This Court has indicated that the purpose of this statutory enactment was to set an arbitrary time period after which no action, whether in contract or tort, may be initiated against architects and builders. The Court has also indicated that pre-existing statute of limitations for both contract and tort actions continued to operate within the outside limits set by the statute. See Gibson v. West Virginia Department of Highways, 185 W.Va. 214, 406 S.E.2d 440 (1991), and Shirkey v. Mackey, 184 W.Va. 157, 399 S.E.2d 868 (1990). Further, in Basham v. General Shale, 180 W.Va. 526, 377 S.E.2d 830 (1988), the Court held that the ten-year period contained in this statute is not applicable in an action against the manufacturer of allegedly defective construction materials.

The Thomases on appeal do not take issue with the fact that the two-year statute of limitations applies to the tort aspects of their case in spite of the wording of W.Va. Code 55-2-6a. They do, however, contend that they were subjected to a continuing tort within the meaning of Handley v. Town of Shinnston, 169 W.Va. 617, 289 S.E.2d 201 (1982), and that the defendants or certain of the defendants concealed what was occurring from them.

The general proposition in this State is that the limitation's period in an action commences running from the date of injury. Hall's Park Motel, Inc. v. Rover Construction, Inc., 194 W.Va. 308, 460 S.E.2d 444 (1995), State ex rel Ashworth v. State Road Commission, 147 W.Va. 430, 128 S.E.2d 471 (1962), and Boyd v. Beebe, 64 W.Va. 216, 61 S.E. 304 (1908). There are, however, a number of special situations which can effect the application of this general rule. One of those situations is discussed in Jones v. Trustees of Bethany College, 177 W.Va. 168, 351 S.E.2d 183 (1986). That situation arises where within a brief, discrete period of time all the elements of a tort occur or manifest themselves and the plaintiff suffers a noticeable injury, then for substantial period of time thereafter the plaintiff sustains a worsening of the injury. In such a situation the breach of duty by the tortfeasor is completed, but the damage is ongoing. See DeRocchis v. Matlack, Inc., 194 W.Va. 417, 460 S.E.2d 663 (1995).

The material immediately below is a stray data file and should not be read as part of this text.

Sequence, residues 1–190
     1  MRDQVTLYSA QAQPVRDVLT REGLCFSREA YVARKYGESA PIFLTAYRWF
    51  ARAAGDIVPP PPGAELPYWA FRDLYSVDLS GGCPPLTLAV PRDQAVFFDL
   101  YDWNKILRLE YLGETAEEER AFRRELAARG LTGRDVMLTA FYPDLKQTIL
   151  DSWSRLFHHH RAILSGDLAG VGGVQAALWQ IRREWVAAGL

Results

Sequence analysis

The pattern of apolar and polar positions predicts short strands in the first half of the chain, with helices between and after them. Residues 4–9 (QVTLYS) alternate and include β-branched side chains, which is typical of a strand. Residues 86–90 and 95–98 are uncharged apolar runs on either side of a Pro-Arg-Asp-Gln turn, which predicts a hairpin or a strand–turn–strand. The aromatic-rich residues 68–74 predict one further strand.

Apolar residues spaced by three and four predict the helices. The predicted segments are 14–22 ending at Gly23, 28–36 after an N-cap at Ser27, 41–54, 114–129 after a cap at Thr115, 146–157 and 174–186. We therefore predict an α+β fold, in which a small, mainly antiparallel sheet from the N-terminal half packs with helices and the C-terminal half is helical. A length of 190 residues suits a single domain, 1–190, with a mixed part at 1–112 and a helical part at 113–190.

Contrary to the assertions in the present case, this Court does not believe that any tort committed by the defendants was a continuing tort within the meaning of Handley v. Shinnston, supra. Instead, any tort committed fell within the category discussed in the Hall's Park Motel case, i.e., a potential tort committed was committed and the breach of duty was completed at the time the Thomas' house was completed and turned over to them. There was evidence, or there are allegations, that the damage arising from the breach of duty was continuous or might have been continuing, but the evidence rather clearly suggests that the Thomases were aware of the defects in 1992. Accordingly, this Court cannot conclude that the trial court erred in finding, in effect, that there was no continuing tort and that the limitation period, not taking into consideration any allegation of attempt by the defendants to conceal the defects, began to run in 1992, and that the Thomas' action was accordingly barred by the statute of limitations.